To give just a sense of how different the emerging picture is: it is clear now that human societies before the advent of farming were not confined to small, egalitarian bands. On the contrary, the world of hunter-gatherers as it existed before the coming of agriculture was one of bold social experiments, resembling a carnival parade of political forms, far more than it does the drab abstractions of evolutionary theory. Agriculture, in turn, did not mean the inception of private property, nor did it mark an irreversible step towards inequality. In fact, many of the first farming communities were relatively free of ranks and hierarchies. And far from setting class differences in stone, a surprising number of the world’s earliest cities were organized on robustly egalitarian lines, with no need for authoritarian rulers, ambitious warrior-politicians, or even bossy administrators.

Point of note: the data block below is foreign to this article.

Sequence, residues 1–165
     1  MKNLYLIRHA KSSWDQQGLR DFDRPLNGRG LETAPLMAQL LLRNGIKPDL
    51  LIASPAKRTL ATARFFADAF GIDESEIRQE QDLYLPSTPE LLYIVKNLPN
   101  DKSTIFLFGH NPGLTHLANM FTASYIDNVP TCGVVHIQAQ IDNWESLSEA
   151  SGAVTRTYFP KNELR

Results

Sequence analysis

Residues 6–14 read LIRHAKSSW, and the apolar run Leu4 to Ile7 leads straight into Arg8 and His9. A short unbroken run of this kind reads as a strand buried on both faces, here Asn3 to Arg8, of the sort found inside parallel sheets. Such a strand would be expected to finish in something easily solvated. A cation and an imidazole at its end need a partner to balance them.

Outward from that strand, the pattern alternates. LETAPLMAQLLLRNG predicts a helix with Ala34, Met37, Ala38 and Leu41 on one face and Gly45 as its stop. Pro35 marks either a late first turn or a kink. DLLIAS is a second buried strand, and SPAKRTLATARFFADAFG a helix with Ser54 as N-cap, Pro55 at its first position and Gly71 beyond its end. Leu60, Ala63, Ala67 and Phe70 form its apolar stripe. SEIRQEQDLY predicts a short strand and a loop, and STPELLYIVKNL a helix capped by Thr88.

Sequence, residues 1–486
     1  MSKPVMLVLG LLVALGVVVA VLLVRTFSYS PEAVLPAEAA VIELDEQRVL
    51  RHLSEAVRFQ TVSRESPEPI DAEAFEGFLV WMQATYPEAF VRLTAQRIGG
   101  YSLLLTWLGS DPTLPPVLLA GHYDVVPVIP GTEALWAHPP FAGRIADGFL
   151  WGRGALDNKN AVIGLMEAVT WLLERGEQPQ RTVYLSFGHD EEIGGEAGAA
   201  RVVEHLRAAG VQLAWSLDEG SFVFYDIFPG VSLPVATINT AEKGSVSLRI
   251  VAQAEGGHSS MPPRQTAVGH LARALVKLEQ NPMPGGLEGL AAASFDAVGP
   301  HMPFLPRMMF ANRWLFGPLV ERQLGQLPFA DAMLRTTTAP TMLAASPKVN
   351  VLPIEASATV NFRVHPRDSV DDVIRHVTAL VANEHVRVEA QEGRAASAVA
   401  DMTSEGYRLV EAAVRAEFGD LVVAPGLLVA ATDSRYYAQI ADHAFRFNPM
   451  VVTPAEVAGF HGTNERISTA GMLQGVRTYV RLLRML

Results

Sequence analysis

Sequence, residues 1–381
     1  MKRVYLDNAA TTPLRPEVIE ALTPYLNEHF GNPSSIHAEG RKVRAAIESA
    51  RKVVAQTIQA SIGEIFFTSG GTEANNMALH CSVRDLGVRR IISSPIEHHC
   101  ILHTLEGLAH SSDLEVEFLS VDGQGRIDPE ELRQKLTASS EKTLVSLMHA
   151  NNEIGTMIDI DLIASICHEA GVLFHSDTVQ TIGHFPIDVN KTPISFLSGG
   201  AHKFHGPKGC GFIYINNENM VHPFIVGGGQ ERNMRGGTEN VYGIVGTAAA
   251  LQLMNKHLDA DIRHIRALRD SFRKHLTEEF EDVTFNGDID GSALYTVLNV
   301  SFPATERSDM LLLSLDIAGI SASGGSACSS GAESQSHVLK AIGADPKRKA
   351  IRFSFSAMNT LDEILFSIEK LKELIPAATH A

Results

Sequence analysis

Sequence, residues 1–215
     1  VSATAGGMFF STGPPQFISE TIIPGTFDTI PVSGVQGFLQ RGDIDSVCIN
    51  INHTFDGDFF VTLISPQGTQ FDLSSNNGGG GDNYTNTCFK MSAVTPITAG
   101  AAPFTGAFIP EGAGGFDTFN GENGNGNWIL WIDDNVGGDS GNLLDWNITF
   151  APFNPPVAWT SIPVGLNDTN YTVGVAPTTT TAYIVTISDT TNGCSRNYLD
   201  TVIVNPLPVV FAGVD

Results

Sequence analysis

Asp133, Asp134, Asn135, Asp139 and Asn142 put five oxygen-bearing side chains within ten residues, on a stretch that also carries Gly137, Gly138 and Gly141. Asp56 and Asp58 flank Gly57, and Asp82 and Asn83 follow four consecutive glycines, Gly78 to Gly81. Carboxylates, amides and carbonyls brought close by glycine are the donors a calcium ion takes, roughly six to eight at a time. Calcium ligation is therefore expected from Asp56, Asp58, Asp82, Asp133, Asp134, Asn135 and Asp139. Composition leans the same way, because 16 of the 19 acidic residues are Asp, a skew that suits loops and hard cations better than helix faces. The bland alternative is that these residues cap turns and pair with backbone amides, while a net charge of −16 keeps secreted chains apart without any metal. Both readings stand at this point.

Information bearing on such issues has been pouring in from every quarter of the globe. As a result, researchers around the world have also been examining ethnographic and historical material in a new light. The pieces now exist to create an entirely different world history—but so far, they remain hidden to all but a few privileged experts (and even the experts tend to hesitate before abandoning their own tiny part of the puzzle, to compare notes with others outside their specific subfield).

Revisiting what we will call the “indigenous critique” means taking seriously contributions to social thought that come from outside the European canon.